Food by VICE

Get Your Goat and Serve It With These Spicy Korean Dumplings

The rice cakes and spicy gochujang in this dish from Houston's Underbelly are traditionally Korean, but the tender braised goat is straight outta Texas.

by Munchies Staff
Jun 13 2016, 2:00pm

Photo courtesy of Julie Soefer Photography

Photo courtesy of Julie Soefer Photography

Photo courtesy of Julie Soefer Photography
gochujang

Ever find yourself with a whole, freshly killed goat and wonder what the hell to do with it?

OK, maybe not. But goat meat is something to get excited about. For starters, three-quarters of the world eats it—in America, we're kind of the odd men (and women) out by barely partaking in the stuff. But not only is goat meat tender, flavorful, and hearty, it's also nutritious, low in fat, and easy to raise on American soil. So in short: give goat a shot.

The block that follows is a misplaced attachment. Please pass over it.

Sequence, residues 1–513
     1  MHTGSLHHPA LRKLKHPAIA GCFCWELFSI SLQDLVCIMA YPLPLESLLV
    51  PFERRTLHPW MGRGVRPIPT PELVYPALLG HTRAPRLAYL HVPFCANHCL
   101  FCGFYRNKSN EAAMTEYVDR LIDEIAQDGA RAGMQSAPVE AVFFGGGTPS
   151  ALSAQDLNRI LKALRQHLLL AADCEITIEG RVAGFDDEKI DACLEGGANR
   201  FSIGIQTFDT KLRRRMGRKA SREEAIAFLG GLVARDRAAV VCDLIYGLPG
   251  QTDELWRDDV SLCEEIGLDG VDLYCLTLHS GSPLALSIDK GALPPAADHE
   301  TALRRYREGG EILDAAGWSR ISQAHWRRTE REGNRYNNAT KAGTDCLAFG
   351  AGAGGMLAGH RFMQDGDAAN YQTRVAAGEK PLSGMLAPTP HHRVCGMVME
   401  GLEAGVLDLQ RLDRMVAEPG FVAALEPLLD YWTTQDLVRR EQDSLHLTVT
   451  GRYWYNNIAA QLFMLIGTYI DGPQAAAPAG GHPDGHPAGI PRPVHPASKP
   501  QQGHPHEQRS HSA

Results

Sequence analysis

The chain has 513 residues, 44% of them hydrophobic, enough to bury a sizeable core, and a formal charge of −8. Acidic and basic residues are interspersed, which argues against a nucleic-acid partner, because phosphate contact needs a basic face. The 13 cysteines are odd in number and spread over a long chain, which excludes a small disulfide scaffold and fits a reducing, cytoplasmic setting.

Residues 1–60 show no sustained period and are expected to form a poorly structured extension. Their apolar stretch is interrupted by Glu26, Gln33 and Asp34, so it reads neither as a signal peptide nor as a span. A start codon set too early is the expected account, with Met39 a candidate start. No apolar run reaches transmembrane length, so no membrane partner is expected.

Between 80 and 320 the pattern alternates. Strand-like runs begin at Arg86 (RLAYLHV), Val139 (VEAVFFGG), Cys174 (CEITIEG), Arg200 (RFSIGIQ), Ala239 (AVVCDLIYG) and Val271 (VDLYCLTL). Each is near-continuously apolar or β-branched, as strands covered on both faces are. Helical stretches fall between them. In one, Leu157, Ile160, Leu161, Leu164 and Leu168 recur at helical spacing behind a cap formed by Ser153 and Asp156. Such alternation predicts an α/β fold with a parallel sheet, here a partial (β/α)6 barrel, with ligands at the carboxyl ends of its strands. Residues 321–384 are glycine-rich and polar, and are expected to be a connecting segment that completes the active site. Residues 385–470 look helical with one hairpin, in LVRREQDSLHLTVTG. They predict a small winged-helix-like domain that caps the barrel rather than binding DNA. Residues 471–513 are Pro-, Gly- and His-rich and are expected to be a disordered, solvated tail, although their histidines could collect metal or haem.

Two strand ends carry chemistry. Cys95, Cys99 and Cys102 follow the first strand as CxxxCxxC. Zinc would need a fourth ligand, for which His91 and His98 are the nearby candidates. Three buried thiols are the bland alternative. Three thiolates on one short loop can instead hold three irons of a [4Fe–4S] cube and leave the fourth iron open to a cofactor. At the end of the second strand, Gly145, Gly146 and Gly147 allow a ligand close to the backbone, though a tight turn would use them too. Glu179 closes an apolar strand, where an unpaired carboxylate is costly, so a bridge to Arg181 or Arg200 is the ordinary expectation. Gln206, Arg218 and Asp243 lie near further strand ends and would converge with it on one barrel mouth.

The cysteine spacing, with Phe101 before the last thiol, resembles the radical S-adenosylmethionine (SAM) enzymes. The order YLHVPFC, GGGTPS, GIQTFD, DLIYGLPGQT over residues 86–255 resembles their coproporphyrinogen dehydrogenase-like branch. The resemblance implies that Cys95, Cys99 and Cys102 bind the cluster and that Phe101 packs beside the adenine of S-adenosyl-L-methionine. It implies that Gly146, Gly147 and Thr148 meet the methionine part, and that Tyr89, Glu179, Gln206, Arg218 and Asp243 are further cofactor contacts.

Out in Houston, Texas, chef Chris Shepherd of Underbelly is making cuisine that combines Texas's local agricultural bounty with the international influences of its incredibly diverse population. So what does a decidedly Houstonian chef do with a traditional Korean dish? Make it with goat from a local farm. Duh.

The rice cakes and spicy in this dish are quintessentially Korean, but the tender braised goat is straight outta Texas. Make it at home, and be transported to two distinctly different places with each bite.

RECIPE: Korean Braised Goat and Dumplings

By the way, you can find goat meat at your local specialty butcher or at ethnic grocery stores. No need to raise your own in the backyard.